How an Impromptu Road Trip Made Me Love My BlackBerry

BlackBerry Leap

Nick Leap 7

As the sun dipped below the horizon, I glanced up from my tablet. The QE2 Highway stretched far as the eye could see in both directions – an endless expanse of gray, broken by the occasional vehicle. I was seated on the passenger side of my friend’s pickup truck, making the long trek from Calgary to Edmonton.

The radio blasted wave after wave of childhood nostalgia through the truck’s cabin – music with the 1990s written on every beat – while I lowered my head to continue typing. To my right was my BlackBerry Leap. In my bag at my feet, my Samsung Galaxy S4; up to this point, my primary smartphone.

But I was having some serious second thoughts about that.

Connection Lost

The Canadian city of Edmonton is situated three hours north of Calgary, and is one of the many stops on the longest highway in the province of Alberta, in which both are located. This wasn’t my first time making the trek. I suspect it won’t be my last, either.

I wasn’t writing for BlackBerry the last time I traveled to Alberta’s capital city. Like many others in their 20s, I hadn’t kept up with the brand – though I did bear it some fondness. My first smartphone was, after all, a BlackBerry Curve 8900.

Leap_Close-UpLast time, I was taking a Greyhound bus up to the city with my girlfriend for a convention. Naturally, I brought along my phone, tablet, and laptop. It was a long, tiring trip, and we’d both need something with which to occupy ourselves along the way – I’d planned to use my Galaxy S4 as a hotspot for both the tablet and the laptop.

Before we even reached the halfway point, my Galaxy had lost its signal. So much for getting any work done. Or watching Netflix.

Or doing anything else online, for that matter.

Sadly, this failure was par for the course with my Galaxy. I was more or less used to having spotty connectivity, even in places where I shouldn’t have run into trouble, such as Calgary’s downtown core.  It was a connectivity quirk I’d originally attributed to my service provider, not my phone.

Turns out, I was only half right.

A Leap in Productivity

Several years passed before I visited Edmonton again. By then, I’d acquired a BlackBerry Leap, which I used almost exclusively for work. There were many things I enjoyed about it: the intuitive nature of the touchscreen, the utility of BlackBerry Blend, the 25-hour battery life.

For all its strong points, however, the Leap was still a work phone. I still bore a slight preference for the S4. That soon changed.

BlackBerry Leap in HandIt all started with a phone call from a friend. If memory serves, his exact words were “what are you doing for the next six hours?” I was working, so a small part of me wanted to tell him I was too busy.

At the same time, I knew he wouldn’t have called me if he didn’t truly need my help.

I grabbed my phone, my tablet, and my keyboard and set out. I also opted to take along my Leap, mostly so that my clients could keep in touch with me. I was lucky I did.

As with my previous journey to Edmonton, my Galaxy’s connection died only a few hours in. I was in a bind. I had deadlines to meet, so unless I wanted to pull yet another all-nighter, I needed to keep working.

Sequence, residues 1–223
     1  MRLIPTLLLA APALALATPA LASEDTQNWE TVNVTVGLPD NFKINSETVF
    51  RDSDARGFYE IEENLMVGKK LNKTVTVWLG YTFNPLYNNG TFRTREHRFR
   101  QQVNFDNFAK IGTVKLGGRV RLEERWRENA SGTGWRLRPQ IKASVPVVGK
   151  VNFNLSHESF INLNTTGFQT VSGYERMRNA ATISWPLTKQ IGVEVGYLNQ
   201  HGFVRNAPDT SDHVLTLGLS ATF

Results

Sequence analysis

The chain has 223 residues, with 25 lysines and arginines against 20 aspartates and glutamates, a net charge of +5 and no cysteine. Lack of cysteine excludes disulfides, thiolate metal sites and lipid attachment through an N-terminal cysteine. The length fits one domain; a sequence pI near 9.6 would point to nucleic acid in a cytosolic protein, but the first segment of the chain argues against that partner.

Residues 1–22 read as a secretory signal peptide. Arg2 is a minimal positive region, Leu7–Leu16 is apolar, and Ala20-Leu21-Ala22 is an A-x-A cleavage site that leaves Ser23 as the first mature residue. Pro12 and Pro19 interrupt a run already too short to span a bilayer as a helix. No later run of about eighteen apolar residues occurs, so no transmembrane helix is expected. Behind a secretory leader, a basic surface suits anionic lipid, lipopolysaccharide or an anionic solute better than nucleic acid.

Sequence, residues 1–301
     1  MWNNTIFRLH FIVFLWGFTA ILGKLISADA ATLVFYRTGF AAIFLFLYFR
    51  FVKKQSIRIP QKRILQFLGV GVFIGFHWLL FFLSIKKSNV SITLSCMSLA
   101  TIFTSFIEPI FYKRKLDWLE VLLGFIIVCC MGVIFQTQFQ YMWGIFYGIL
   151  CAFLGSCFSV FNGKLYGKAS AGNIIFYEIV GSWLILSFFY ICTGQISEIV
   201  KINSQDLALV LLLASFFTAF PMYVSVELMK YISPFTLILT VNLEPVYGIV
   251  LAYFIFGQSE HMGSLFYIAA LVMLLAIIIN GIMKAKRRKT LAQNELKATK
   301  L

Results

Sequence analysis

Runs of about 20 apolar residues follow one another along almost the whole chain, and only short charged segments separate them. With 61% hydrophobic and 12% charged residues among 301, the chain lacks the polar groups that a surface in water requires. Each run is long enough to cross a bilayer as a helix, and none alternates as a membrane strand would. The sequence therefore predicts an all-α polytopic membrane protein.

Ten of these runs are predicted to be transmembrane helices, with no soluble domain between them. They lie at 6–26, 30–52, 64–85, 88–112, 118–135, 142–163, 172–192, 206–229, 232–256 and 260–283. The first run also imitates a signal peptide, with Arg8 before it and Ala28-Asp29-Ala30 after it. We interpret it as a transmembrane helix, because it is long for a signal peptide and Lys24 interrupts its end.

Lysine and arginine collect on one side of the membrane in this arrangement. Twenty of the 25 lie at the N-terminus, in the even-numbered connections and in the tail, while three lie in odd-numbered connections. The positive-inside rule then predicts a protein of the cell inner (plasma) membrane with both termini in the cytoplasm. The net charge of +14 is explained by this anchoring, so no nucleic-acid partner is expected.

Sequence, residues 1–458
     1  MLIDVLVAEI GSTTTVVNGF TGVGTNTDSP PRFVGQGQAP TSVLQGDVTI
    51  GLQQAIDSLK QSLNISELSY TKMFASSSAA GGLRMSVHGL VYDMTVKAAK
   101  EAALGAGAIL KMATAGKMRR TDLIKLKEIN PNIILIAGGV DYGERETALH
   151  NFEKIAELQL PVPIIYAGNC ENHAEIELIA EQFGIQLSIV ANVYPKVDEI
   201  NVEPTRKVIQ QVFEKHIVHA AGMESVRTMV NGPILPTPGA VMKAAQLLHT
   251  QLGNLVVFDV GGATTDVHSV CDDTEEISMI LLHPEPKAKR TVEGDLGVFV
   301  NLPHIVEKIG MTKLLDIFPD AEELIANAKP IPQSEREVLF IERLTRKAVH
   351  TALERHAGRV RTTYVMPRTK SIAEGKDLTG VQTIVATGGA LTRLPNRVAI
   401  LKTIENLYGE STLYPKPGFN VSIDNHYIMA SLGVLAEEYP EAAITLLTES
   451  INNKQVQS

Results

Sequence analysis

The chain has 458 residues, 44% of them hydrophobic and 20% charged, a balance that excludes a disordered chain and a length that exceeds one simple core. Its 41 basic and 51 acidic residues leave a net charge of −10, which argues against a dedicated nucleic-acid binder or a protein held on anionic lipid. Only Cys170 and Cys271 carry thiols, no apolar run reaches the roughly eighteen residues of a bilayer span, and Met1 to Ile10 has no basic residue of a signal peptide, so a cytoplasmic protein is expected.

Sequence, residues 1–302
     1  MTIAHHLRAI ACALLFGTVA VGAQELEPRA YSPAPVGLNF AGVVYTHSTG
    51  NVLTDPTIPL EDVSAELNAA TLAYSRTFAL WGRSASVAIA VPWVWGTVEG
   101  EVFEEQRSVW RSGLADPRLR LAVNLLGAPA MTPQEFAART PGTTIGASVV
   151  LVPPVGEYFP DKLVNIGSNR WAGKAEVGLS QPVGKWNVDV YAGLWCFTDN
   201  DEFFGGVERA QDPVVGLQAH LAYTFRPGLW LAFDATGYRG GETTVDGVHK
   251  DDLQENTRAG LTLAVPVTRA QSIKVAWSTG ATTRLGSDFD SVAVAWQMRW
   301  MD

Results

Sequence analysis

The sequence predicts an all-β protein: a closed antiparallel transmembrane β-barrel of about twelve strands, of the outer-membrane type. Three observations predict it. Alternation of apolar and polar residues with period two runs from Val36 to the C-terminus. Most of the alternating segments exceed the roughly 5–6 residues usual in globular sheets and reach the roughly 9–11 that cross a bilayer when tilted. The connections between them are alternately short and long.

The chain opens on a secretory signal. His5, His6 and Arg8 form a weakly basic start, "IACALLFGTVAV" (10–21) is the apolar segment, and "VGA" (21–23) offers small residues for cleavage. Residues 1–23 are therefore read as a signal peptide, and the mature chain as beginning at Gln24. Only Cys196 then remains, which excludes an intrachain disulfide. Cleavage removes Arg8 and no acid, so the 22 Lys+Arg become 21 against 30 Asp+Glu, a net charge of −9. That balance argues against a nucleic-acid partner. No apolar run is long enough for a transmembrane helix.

But my service provider clearly wasn’t up to the task of offering coverage over the QE2. With a sigh, I put my tablet back in my bag. Looks like it’d be another late night.

Then I had a thought. On a whim, I swapped my SIM card from the Galaxy to the Leap. When I did, something shocking happened.

Where my other phone couldn’t find a signal, BlackBerry’s phone had three bars.

I was back in business. I tethered my Leap, pulled out my tablet, and set up my keyboard. It was time to get to work.

I’ll spare you the details, but the trip didn’t go entirely as planned. Rather than six hours, the total time was closer to eight or nine. When at last we arrived back in Calgary, it was nearly 11 p.m. My Leap still had 40% battery life remaining, and over the course of the journey, it lost connectivity only twice – and then just for a brief time.

Two weeks later, and the Leap is now my primary device – the Galaxy S4 is collecting dust on my desk.

Closing Thoughts

For a long time, I was one of many people making do with two devices. After my impromptu road trip, though, I’ve changed my mind. Especially in light of the release of the PRIV security-enhanced Android smartphone, I’m on the verge of retiring my old phone for good.

In a way, I suppose I’ve come full circle. BlackBerry was my introduction to the world of smartphones. It seems sort of fitting that one is now my main device.

BlackBerry Leap Availability and Pricing

Nick isn’t the only person who’s found happiness after making the switch to the Leap. Check out how the Leap helps other professionals – it keeps this entrepreneur on his feet, it’s this executive’s most important communications tool, it’s a virtual “personal assistant” for this pro wrestler-turned-CEO, it’s a vital tool that keeps this UK doctor professionally healthy, and it even helped a team of German athletes become world champions.)

Ready to take the BlackBerry Leap to better on-the-go productivity? It’s available at

BlackBerry Leap White, $199

BlackBerry Leap Black, $199

You can buy a Leap in “shadow grey” at, and it’s also available from carriers in the U.S., France, Germany, the U.K. and Canada. For the latest news on the Leap’s availability, check our one-stop blog.

About Nicholas C. Greene

Nicholas C. Greene is a technology writer based in Calgary, Canada. An English graduate of the University of Calgary, he's written for publications and organizations such as VPN Haus, Streetwise, Northcutt, and The Coolist.

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